By Mike Robinson
The choices for activities on a wintry evening in the American Heartland are fairly limited. As for me, on Jan. 21 at 7 p.m., I will be attending my precinct caucus, and I encourage everyone who is able to do the same. Here are some reasons to enroll at your precinct caucus.
First, the precinct caucuses are an open invitation to participate in discussions relevant to one’s community, state and nation. Participants can endorse federal candidates, socialize with friends, neighbors and other like-minded people from within their area, and vote on the concepts that represent the values of the hosting political party. These valued ideas are collected in the party platform, which discusses and categorizes a large variety of subjects influencing everyday life.
Caucusgoers are encouraged to submit for consideration platform resolutions that they feel would benefit the greatest number of our citizens. The entire caucus then votes on the resolutions that best reflect the values of the party, the state and/or the United States as a whole.
Second, the Iowa caucuses are party-building opportunities. Participants must declare a party of preference. For some folks, political alignment is not something they are interested in, and we respect that decision. However, all attendees are provided the ability to advance within their party of choice. A person can vie for convention delegate or alternate, volunteer for pre-convention committees, or run for one of two seats as precinct committee person.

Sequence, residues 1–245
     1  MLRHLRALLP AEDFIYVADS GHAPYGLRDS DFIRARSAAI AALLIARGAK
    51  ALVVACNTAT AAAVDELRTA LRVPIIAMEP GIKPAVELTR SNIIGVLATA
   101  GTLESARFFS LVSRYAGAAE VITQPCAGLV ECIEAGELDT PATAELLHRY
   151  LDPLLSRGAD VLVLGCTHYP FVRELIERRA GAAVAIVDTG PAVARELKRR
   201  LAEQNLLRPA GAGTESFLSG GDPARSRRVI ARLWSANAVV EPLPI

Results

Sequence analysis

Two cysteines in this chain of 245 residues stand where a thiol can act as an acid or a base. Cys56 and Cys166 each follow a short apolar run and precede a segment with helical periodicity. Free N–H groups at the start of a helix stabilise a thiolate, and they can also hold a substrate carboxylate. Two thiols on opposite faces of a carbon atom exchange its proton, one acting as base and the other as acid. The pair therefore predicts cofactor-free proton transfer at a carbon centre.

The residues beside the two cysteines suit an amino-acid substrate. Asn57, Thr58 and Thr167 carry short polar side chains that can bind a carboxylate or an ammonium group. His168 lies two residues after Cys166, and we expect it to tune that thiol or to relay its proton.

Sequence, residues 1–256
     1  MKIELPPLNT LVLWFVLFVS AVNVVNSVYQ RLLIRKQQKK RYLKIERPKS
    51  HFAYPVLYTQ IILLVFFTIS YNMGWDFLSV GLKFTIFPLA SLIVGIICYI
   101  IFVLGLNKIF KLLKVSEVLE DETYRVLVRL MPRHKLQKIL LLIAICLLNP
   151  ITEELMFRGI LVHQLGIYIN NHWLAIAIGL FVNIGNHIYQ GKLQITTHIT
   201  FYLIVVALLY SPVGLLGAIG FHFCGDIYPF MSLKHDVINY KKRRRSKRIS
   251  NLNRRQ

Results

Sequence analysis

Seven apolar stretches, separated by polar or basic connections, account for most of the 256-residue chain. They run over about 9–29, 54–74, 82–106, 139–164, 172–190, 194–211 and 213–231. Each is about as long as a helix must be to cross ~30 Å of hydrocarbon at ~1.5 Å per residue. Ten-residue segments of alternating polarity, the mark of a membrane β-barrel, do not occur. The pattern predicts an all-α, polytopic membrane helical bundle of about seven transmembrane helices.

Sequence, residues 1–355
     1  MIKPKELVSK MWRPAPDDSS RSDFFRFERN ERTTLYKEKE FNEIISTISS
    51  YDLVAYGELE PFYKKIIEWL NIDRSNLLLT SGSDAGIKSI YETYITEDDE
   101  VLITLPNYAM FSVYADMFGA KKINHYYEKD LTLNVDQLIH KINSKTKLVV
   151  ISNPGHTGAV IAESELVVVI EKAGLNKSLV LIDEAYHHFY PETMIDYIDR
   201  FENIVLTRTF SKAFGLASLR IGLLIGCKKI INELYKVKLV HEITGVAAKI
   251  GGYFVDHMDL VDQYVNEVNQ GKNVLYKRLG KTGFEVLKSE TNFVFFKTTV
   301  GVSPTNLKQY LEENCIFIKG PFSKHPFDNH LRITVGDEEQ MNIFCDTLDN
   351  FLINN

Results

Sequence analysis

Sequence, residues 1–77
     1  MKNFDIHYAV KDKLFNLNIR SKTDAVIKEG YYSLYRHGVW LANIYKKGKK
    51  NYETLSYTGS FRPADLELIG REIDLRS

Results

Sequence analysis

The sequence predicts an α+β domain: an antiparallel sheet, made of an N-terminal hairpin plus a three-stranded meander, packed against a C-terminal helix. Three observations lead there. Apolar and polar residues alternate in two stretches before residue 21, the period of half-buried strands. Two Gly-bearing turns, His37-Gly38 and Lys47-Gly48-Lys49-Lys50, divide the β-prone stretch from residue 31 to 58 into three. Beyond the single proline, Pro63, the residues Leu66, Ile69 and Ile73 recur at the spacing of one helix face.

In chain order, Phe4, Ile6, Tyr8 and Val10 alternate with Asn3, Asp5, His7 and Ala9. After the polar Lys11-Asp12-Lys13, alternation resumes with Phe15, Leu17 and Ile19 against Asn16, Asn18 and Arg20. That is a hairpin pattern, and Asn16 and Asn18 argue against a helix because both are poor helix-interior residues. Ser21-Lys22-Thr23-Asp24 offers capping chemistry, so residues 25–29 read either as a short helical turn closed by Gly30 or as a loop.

An elected precinct person represents his or her voter precinct for a two-year term of office in a legal, political organization for a particular county. A convention delegate or alternate reports to the county convention, meets with candidates for office and votes on the county platform and for select county officials. That person also may seek nomination to the district and state conventions held later this year.
Last, there is a larger meaning in attending one’s precinct caucus. After the first Democratic caucuses were held in 1968, Iowa has become the envy of every state because we have maintained a consistent, first-in-the-nation status since that time. The importance here is that tiny, Midwestern Iowa is made relevant on an electoral map dominated by the heavily populated U.S. coastal and southwestern regions. Without our caucuses, we would not enjoy the close contact with candidates in which we have come to accept as part and parcel of our lives here; campaigns might be inclined to forego a trip through the Heartland altogether.
The Iowa caucuses, even in the non-presidential election years, are important because of the reasons above, but, perhaps most significantly, they offer a citizen with a forum for his or her voice. And isn’t that a truly rare item in our world today?
To find your precinct caucus, consult The Gazette online, your county auditor’s website or the website of your political party of choice. See you at the caucuses.Mike Robinson is a Central City Council member and a former chairman of the Linn County Democrats. Comments: Mikeccia.mr@gmai